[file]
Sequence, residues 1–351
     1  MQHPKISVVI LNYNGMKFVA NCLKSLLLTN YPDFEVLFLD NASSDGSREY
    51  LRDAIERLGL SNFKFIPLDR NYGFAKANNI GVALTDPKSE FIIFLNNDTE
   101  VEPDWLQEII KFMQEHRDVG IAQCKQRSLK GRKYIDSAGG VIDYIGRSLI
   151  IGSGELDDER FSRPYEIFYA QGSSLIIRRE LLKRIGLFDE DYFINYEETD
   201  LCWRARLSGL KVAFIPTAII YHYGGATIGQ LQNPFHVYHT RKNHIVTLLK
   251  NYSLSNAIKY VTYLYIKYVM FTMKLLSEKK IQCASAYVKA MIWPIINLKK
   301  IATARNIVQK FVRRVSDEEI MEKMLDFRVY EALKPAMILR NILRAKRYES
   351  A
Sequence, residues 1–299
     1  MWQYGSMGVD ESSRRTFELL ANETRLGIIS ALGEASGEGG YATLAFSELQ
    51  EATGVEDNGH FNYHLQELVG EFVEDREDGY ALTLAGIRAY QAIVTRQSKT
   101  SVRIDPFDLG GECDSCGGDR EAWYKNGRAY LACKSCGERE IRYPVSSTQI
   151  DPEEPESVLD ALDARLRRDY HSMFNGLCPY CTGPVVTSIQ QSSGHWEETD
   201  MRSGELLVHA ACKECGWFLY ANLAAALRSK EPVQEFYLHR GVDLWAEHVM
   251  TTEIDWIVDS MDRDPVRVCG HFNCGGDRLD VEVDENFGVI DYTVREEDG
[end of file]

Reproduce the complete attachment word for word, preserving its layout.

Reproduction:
Sequence, residues 1–351
     1  MQHPKISVVI LNYNGMKFVA NCLKSLLLTN YPDFEVLFLD NASSDGSREY
    51  LRDAIERLGL SNFKFIPLDR NYGFAKANNI GVALTDPKSE FIIFLNNDTE
   101  VEPDWLQEII KFMQEHRDVG IAQCKQRSLK GRKYIDSAGG VIDYIGRSLI
   151  IGSGELDDER FSRPYEIFYA QGSSLIIRRE LLKRIGLFDE DYFINYEETD
   201  LCWRARLSGL KVAFIPTAII YHYGGATIGQ LQNPFHVYHT RKNHIVTLLK
   251  NYSLSNAIKY VTYLYIKYVM FTMKLLSEKK IQCASAYVKA MIWPIINLKK
   301  IATARNIVQK FVRRVSDEEI MEKMLDFRVY EALKPAMILR NILRAKRYES
   351  A
Sequence, residues 1–299
     1  MWQYGSMGVD ESSRRTFELL ANETRLGIIS ALGEASGEGG YATLAFSELQ
    51  EATGVEDNGH FNYHLQELVG EFVEDREDGY ALTLAGIRAY QAIVTRQSKT
   101  SVRIDPFDLG GECDSCGGDR EAWYKNGRAY LACKSCGERE IRYPVSSTQI
   151  DPEEPESVLD ALDARLRRDY HSMFNGLCPY CTGPVVTSIQ QSSGHWEETD
   201  MRSGELLVHA ACKECGWFLY ANLAAALRSK EPVQEFYLHR GVDLWAEHVM
   251  TTEIDWIVDS MDRDPVRVCG HFNCGGDRLD VEVDENFGVI DYTVREEDG